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You Need a Salary

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If you’re an entrepreneur, freelancer, or business owner, you know that sometimes income can be a little crazy. You’re not getting the same paycheck sent to you every month — some months you might do a ton of business and generate a lot of income, but other months you might get nothing.

So how do you balance that? How do you keep some stability in your own life when you have this unsteady income?

Well, I am going to explain to you just how you can do that. You may not be getting a paycheck every month right now, but there’s nothing holding you back from doing exactly that. The goal here is to take a look at your income as a whole — not just the month to month variations — and give yourself a steady salary.

Before I really get into this, I want you to recognize that as a business owner or freelancer, you need to have systems and processes in place and you need to follow them. Here’s what I want you to do.

First, I want you to annualize your expected income and expected expenses. Try to estimate how much income you or your company is going to generate over the course of a year. So, as an example, let’s say you believe you can bring in $100,000 this year. I want you to set your budget to be between 70 and 80 percent of that. Build your budget around $70-$80,000.

Then, I want you to set up two separate checking accounts. One is your business operating account, and the other is your personal checking account. You should be taking all of the income from your business, or your freelancing, and putting it into that business operating account.

Once you’ve got that set up, the next step is to go ahead and create a salary for yourself. Remember when you added up your expected expenses for the year? Take that number, divide it by 12, and that is your monthly salary. Every month, send that money over to your personal account for living expenses and your general day-to-day use. This can and should be automated.

Time for some math — it’s simple, I swear. Let’s stay with our example from above.

$100,000 income

$72,000 expenses

$72,000 ÷ 12 months = $6,000/month (this is your monthly “paycheck”)

So in this case, every month you’ll be moving $6,000 from your business account to your personal account. Easy, right?

Now, I would recommend doing this through a payroll service, so they can withhold taxes for you. As a freelancer or entrepreneur, you are responsible for your own taxes and if you’re not saving money for taxes you’re going to have a rough time come April. Get a payroll service to take care of this for you — they’ll take out the correct amount of money each month from your “paycheck” and keep it in that business account. Come April, you’ll get hit with those taxes — but you already have all the money ready to go in your business account. It’s like nothing ever happened.

So, by doing this you have created a steady, level income for yourself. Even if you generate $20,000 of income one month and zero dollars the next month, it doesn’t matter. You’ll have the same amount coming to your personal account regardless.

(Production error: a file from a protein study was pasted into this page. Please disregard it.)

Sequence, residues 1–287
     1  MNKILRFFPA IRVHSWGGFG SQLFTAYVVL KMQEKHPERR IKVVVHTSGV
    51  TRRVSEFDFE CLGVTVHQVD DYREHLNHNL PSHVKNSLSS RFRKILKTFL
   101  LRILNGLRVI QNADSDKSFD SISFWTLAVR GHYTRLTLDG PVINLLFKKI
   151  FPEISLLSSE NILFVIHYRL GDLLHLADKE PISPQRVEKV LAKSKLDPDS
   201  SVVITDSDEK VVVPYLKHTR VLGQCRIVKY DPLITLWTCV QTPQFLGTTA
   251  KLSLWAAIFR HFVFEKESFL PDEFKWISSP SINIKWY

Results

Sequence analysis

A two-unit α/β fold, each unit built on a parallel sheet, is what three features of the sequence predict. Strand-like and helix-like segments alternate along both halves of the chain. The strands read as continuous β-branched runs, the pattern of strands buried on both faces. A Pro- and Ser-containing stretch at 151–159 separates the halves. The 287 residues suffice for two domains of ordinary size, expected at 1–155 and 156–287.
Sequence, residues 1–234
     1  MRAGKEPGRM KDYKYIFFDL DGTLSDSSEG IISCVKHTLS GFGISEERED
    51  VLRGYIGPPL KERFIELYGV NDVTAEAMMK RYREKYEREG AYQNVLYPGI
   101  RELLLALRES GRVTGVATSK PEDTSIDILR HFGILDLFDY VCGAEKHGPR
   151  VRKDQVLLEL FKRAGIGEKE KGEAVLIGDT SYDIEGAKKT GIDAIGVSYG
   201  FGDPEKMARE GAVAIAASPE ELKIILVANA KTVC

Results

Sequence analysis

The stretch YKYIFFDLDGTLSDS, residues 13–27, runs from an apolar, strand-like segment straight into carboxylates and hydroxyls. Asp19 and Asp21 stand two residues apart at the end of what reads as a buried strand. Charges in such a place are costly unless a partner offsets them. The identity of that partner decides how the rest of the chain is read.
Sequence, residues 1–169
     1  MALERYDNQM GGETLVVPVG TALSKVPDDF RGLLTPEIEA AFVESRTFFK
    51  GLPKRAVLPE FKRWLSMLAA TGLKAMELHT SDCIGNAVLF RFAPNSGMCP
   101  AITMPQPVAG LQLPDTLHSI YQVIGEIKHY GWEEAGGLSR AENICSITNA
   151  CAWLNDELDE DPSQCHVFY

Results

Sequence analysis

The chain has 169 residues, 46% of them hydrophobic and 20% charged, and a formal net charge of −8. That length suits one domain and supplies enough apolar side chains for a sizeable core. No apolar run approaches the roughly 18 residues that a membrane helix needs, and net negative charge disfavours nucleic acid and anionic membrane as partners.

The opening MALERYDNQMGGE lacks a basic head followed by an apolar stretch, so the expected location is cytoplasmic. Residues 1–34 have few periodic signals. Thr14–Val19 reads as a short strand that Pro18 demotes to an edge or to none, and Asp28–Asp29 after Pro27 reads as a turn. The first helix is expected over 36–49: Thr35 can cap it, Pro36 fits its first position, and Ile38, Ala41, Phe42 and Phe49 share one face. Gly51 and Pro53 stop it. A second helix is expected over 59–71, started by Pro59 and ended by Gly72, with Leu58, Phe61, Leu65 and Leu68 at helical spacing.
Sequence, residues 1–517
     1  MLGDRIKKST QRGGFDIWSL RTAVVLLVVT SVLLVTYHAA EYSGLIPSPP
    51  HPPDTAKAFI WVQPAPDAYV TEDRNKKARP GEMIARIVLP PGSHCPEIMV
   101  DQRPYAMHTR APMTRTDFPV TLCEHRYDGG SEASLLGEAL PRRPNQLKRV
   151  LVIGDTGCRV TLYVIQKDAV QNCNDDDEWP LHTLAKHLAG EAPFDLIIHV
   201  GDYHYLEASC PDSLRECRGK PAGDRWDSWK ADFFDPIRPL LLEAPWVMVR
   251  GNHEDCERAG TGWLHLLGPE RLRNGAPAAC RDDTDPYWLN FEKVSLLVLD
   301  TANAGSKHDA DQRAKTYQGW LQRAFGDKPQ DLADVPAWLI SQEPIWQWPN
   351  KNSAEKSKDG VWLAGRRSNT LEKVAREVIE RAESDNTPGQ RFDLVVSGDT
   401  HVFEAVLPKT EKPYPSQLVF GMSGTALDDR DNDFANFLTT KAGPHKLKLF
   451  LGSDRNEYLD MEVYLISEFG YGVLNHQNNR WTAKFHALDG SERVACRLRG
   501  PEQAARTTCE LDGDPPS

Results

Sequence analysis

The next step is to take a look at this business account every quarter, every six months, every year — whatever you feel is appropriate — and give yourself a bonus. So, going back to our example… If you actually made $100,000, you followed your budget properly, and you had a payroll service withhold taxes from your paychecks — you should have $28,000 left over in your business account.

That is your money. Give yourself a bonus if you want, or save it. Or do something else with it — it’s yours! If money is a little tighter than anticipated, just forget the bonus and keep on truckin’. But if you follow this practice, you’re not going to be stressed out about money every month.

I have a personal example for this. I own several companies, so I have various levels of income coming in at different times. I pay myself a salary that is enough for me to live the lifestyle that I want to live. Then, every quarter I will look at the income statements for my various businesses and I will assess.

I will look into which company has a surplus of income, which one isn’t doing quite as well as anticipated, etc. And once I’ve gone through that there are basically three courses of action I might take. I can do none of them or I could do all of them — it ultimately depends on the numbers and what my current goals are.

1) I’ll give myself a bonus. I deserve it, right?

2) I can shift some income from one company to another, if necessary.

3) I can use some of that excess money to pursue an investment opportunity.

Right now, I am actually looking to buy another business. I’ll need some cash on hand to do that, so I’ve taken some excess income from a few of those companies and I am keeping it on hand for when I end up making that purchase.

What all of this comes down to is that you should be treating yourself like a business. You should have reports, income statements, processes — all of it. Get this stuff set up. And it’s not very hard, by the way — you can do most of this in a simple Excel spreadsheet.

By using this method, you’re able to make better business decisions, you can budget your money properly, and you’re putting yourself in a position to act like a business owner. When you act like a business owner, you make better business choices. Ultimately, that is how you grow your wealth.

If you want to have financial freedom, treat yourself like a business.

Use your businesses. Use your income. Create stability, and that stability will lead to opportunity.

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